The following information is based on research done on several government websites, including health.ri.gov and rules.sos.ri.gov. These rules apply to nursing homes and other types of senior living facilities. We’ve most recently updated this data on 3/22/2022, but since COVID-19 is a rapidly evolving pandemic, contact your local senior living facility or Area Agency on Aging for more specific and up-to-date information.

Visitation Policies

Rules for Rhode Island Communities

Are loved ones allowed to visit to provide emotional support?

Yes (Conditions Apply)

Are relatives allowed to visit for end-of-life care?

Yes

Are residents required to quarantine after visiting with a loved one?

No

Are visitors required to wear PPE (including masks) in order to visit residents?

Yes

Are non-medical contractors (such as hairdressers and entertainers) allowed in senior living facilities?

Yes

Are visitors checked for elevated temperatures?

Yes

Are visitors required to answer questions about health, travel, and potential virus contact?

Yes

Outings & Social Activities

Rules for Rhode Island Communities

Are residents allowed to leave (errands, visiting family, etc.) for non-medical reasons?

Yes

Are residents who leave required to quarantine when they return?

No (Conditions Apply)

Are senior living communities required to cancel all group outings?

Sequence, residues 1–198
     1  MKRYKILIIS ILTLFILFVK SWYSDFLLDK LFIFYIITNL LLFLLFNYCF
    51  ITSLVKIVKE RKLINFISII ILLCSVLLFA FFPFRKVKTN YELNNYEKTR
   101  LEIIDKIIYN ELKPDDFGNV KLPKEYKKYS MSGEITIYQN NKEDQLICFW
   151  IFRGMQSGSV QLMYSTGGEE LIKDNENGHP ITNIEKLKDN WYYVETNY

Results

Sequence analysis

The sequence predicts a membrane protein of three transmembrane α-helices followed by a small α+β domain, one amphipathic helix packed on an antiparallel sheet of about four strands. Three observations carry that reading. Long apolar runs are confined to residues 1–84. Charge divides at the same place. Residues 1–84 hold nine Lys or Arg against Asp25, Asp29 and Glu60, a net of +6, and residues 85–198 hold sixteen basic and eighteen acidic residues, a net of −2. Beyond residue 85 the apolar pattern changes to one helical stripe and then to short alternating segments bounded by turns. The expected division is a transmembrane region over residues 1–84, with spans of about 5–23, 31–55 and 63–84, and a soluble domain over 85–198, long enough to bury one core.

No

Are residents allowed to eat meals together in a common area?

Yes (Conditions Apply)

Are residents allowed to gather in common areas for group activites?

Yes (Conditions Apply)

COVID-19 Safety Measures for Staff and Residents

Rules for Rhode Island Communities

Are staff members regularly required to do a temperature check?

Yes

Are staff members regularly tested for COVID-19?

Not Available*

Are staff members members regularly required to do a health and safety screening, including questions about travel, contact with positive cases, etc?

Yes

Are residents regularly screened for COVID-19 symptoms?

Not Available*

Are residents regularly checked for elevated temperatures?

Not Available*

Are residents regularly tested for COVID-19?

Not Available*

*Note: This information was not available for this state, contact your local area agency on aging or senior living facility for more information.

Assisted Living Laws and Regulations in Rhode Island

Rhode Island’s Department of Health licenses assisted living facilities and ensures the regulations are followed. The complete regulations can be viewed online, and summaries of some relevant points are included below.

RHODE ISLAND LAWS AND REGULATIONS

Assisted Living Service Plan Requirements